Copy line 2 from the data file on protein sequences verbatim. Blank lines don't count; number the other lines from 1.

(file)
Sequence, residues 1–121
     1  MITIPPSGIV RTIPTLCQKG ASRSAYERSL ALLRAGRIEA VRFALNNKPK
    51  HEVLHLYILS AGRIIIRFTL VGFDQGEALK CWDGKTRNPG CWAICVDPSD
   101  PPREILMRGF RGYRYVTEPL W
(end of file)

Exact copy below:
     1  MITIPPSGIV RTIPTLCQKG ASRSAYERSL ALLRAGRIEA VRFALNNKPK